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Improved Adiabatic methods

The difficulties associated with the Adiabatic Representation method have
been discussed by many authors (for example, see Ref. [102]).
Ponomarev summarizes its disadvantages in treating boundary
conditions [103,104]:

- 1.
- Incorrect dissociation limit of the system
,
when it
decays into
and
.
- 2.
- Incorrect value of momentum in the reaction channels.
- 3.
- Infinite and long-range behavior of the non-diagonal potential
*U*_{ij}(*R*) as
.

Cohen and his co-workers at Los Alamos used what they call the ``Improved
Adiabatic'' approach [105] to address some of the above
limitations. In the standard Adiabatic Representation method, the
Hamiltonian was separated into two parts (Eq. 2.5); the zero
order term describing the two centre Coulomb problem (
_{TC}), and the perturbative term for the relative motions of the
nuclei as well as nuclear-muonic motion coupling (
).
In the asymmetric nuclear system (*e.g.*,
*M*_{a} > *M*_{b}), since infinite
mass for both the nuclei is assumed in
_{TC}, the zeroth
order solution cannot distinguish the channel
from ,
into the
former of which the ground muonic state ()
should dissociate in
the limit
(recall the
is more deeply bound
than the
due to the reduced mass difference). The Improved
Adiabatic approach instead partitions the Hamiltonian into

where the mass polarization (*i.e.* nuclear-muonic motion coupling)
term
and the internuclear orientation term
,
which were part of the perturbation
in the
Adiabatic Representation, are now included in the zero order
Hamiltonian. The term
acting
in the nuclear centre of mass frame (as opposed to the geometric centre
of nuclei frame) breaks the symmetry, and causes the zero order muon wave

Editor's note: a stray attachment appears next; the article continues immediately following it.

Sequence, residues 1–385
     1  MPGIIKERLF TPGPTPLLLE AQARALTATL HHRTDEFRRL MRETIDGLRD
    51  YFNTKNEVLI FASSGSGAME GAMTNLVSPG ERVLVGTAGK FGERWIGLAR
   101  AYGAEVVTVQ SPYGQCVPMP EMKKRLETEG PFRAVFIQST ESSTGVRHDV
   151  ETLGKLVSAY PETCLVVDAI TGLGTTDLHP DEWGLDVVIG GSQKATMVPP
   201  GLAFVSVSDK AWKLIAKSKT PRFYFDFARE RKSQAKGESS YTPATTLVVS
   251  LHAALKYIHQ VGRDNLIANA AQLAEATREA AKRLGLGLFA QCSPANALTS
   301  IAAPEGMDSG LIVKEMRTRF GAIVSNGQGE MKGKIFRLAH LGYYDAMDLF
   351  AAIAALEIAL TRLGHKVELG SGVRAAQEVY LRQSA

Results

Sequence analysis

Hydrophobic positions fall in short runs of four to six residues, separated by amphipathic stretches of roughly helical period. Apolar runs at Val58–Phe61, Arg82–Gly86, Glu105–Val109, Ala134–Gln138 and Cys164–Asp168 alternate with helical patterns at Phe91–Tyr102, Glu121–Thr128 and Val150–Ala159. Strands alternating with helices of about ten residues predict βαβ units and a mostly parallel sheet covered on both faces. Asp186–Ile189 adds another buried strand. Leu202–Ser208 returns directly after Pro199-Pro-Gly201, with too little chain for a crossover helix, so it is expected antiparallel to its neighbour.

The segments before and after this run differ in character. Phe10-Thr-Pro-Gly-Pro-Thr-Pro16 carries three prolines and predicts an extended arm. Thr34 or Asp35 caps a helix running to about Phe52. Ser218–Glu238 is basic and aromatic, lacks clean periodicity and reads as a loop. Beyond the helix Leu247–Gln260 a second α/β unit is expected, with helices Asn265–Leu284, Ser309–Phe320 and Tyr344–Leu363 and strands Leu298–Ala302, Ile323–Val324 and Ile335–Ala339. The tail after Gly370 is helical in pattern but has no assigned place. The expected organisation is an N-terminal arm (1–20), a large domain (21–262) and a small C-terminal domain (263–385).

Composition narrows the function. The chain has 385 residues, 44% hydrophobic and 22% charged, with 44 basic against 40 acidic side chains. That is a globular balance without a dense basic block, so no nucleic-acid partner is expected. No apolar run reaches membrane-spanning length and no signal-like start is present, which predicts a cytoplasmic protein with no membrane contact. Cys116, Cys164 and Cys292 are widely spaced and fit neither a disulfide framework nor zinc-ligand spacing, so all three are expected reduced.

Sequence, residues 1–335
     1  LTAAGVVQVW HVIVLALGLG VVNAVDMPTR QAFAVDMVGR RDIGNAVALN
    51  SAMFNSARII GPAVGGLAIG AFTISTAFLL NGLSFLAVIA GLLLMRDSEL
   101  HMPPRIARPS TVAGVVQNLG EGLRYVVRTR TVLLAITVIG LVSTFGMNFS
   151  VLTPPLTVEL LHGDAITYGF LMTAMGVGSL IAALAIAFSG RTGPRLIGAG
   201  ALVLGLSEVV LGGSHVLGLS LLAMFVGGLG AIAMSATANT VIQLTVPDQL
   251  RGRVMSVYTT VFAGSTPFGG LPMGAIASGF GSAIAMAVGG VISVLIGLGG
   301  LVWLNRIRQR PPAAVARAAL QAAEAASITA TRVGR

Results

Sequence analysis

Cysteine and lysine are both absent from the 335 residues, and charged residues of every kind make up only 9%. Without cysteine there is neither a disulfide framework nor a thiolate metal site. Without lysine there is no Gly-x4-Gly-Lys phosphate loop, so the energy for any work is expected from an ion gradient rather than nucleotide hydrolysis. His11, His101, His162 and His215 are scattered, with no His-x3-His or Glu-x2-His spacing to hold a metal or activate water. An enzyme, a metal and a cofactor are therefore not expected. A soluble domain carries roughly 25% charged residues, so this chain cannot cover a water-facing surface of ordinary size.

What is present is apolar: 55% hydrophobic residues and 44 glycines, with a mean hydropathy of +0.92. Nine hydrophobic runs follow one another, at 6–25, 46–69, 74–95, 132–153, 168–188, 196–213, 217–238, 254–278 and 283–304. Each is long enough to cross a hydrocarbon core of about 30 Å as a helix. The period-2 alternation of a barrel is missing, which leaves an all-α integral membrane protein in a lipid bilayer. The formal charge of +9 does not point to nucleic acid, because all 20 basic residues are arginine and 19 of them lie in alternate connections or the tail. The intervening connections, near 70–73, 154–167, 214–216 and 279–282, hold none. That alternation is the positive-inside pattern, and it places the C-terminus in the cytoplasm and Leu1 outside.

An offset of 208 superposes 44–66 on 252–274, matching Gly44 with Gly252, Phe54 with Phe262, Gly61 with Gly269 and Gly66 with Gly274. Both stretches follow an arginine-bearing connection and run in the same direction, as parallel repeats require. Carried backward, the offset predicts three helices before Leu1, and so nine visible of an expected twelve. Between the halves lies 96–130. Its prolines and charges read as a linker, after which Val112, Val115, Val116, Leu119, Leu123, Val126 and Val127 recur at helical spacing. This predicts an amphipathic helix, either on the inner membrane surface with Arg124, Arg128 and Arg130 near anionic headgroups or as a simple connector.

function to move to the heavier nuclei as
[105]. Therefore, the Improved Adiabatic method is expected to
give more accurate results for the asymmetric nuclear case, compared to the
standard Adiabatic Representation approximation, for the same number of
basis functions *N*, hence achieving faster convergence. Of course, in the
limit
,
both approaches should give the same results.
The two level approximation of the Improved Adiabatic method has been
applied by the Los Alamos group to the bound state calculations of
HD^{+} [105] and [57], as well as in the
scattering calculations [19,20,21]. The latter cover
all the possible combinations of muonic hydrogen isotope scattering,
including the only calculation to date of the hyperfine transitions in
asymmetric collisions.
Despite the criticisms of the Adiabatic Representation, it should be noted
that the effective two level approximation used by Bubak and
Faifman (p. ) also deals with the dissociation
problem within the framework of the Adiabatic Representation, and appears
to give a reasonable accuracy for only *N*=2.

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